I Give My Marriage a Year by Holly Wainwright: Chapter One.

The New Year, 2019

I give my marriage a year.

 Bold. Underlined.

I give my marriage a year.


Lou’s hand didn’t shake as she put her phone down on the bedside table.

She closed her eyes. It wasn’t light yet, but she knew it was a matter of minutes, not hours, because the birds were beginning to jabber in the tree outside. The tree Josh wanted to cut right back, away from the house. The tree Lou used to love looking at as she lay here with him. Her head resting back on his shoulder. The smell of his skin. His arm tight around her.

She used to say it was her happy place. Here, in their bed, in their home. Safe. Loved. Spent.

How long ago was that? Lou opened her eyes. Stared into the lightening gloom for a moment. Rolled over. Listened for the steady breathing next to her. Rolled back, picked up the phone again.

Why don’t I feel anything? She typed.

After all, this was a big decision. Twelve months to decide on fourteen years. 

For at least ten of those fourteen years, Lou had told everyone who’d listen that Josh was the love of her life. Her person. He was the man she’d built her life around.

Deep breath. He was a good man, mostly. A great father, mostly, to their girls. Their crazy beautiful girls.

Now she was feeling something.


I’m going to try everything to save it, Lou tapped into her phone.

What did people do, when they’d made a decision like this? The cursor blinked yellow at her.

Most days, Lou couldn’t decide what to have for lunch. Lately, her brain felt sludgy, like months and years of too many choices – both tiny and life-changing – were all still swimming around in there and she had to fight her way through them to any clear space where things could be sorted into ‘yes’ or ‘no’, ‘do’ or ‘don’t’.


But the clear space was where this sentence sat. I give my marriage a year.

Twelve months to decide whether to stay, or go.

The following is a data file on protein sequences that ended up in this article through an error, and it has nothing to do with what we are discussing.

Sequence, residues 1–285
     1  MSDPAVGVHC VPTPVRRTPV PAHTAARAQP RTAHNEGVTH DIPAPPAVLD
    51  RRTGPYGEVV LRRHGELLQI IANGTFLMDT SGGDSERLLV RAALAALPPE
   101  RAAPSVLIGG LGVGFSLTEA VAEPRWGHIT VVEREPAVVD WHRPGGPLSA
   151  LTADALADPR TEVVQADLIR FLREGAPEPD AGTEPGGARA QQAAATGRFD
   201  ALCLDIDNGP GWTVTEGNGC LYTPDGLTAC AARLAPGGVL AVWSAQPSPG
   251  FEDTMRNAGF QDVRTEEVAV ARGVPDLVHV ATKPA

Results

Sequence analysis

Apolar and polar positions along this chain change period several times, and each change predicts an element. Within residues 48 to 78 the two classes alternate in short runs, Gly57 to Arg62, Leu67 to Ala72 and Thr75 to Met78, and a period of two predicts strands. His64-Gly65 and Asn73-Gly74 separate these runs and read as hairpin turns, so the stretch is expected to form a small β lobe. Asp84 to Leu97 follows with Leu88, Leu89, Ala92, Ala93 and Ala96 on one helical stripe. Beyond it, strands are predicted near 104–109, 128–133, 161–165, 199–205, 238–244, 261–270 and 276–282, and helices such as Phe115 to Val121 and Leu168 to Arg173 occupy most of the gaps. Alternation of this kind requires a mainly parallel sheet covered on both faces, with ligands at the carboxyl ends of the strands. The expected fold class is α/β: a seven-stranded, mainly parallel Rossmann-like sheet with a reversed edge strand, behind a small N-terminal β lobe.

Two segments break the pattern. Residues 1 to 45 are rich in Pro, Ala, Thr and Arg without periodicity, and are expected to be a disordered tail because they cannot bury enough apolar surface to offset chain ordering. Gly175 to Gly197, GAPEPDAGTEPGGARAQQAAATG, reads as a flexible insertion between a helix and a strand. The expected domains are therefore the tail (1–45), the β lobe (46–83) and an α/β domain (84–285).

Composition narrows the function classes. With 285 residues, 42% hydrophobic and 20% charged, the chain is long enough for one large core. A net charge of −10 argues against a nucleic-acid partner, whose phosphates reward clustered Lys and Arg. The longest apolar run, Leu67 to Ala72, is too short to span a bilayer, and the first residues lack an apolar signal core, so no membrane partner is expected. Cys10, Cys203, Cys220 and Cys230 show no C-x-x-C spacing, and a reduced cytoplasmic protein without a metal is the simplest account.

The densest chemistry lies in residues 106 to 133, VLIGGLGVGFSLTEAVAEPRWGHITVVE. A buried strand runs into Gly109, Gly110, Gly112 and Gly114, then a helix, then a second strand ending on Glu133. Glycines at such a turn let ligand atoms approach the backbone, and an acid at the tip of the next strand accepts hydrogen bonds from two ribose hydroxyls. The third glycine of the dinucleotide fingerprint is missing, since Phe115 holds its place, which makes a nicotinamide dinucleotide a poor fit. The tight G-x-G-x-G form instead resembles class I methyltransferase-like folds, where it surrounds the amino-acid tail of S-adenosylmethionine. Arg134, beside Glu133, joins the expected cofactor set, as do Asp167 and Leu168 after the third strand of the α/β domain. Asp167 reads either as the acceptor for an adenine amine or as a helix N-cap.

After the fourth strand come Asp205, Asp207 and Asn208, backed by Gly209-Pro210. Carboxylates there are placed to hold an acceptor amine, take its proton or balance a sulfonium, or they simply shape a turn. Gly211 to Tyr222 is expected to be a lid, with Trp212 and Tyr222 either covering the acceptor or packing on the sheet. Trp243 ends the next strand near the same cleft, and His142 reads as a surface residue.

Ballsy, Lou thought, and laughed softly to herself. I’ve decided to decide.

The people she knew, who’d been here, how did they decide?

She didn’t know anyone who’d been here.

Oh, she knew plenty of people whose relationships hadn’t worked. She and Josh had often talked about their divorcing friends and family with a confident kind of distance.

They’d nod and hug and provide the heartbroken with wine and shoulders to snot on. And then, when they were alone again, on the way to the car, or to bed, they’d find themselves holding hands. And one or the other of them would say, ‘Thank God that’s not us.’

What smug bastards we were, Lou thought.

Actually, now she considered it, they hadn’t done that for ages. When Anika, Josh’s sister, had turned up on their doorstep last year, sobbing so hard she couldn’t speak, they hadn’t done the holding-­hands thing.

‘Ed’s leaving,’ she’d said, and Lou had been incredulous. How do you decide to leave this whole life you’ve built, this family you’ve made, this home you’ve created? The secrets you’ve told, the fears you’ve shared . . . These children you’ve made. How do you decide to just leave?


Ed, you spineless quitter, Lou had thought. And said. What a despicable, scaredy-cat quitter.

But that night, when she and Josh had gone to bed, they hadn’t even talked about it. Josh was angry, bristling. ‘That f*cking prick.’

‘It’s too awful,’ Lou replied. And they’d gone to bed and she’d pretended to read and he’d fallen asleep, and all Lou could see was Anika lying alone in a bed on the other side of the city, still breathless.

I’m going to try everything to save it.

Bold. Underlined.

I’m going to try everything to save it.

I don’t want to be a quitter.

Josh deserves better than that. So do I.

So do our girls.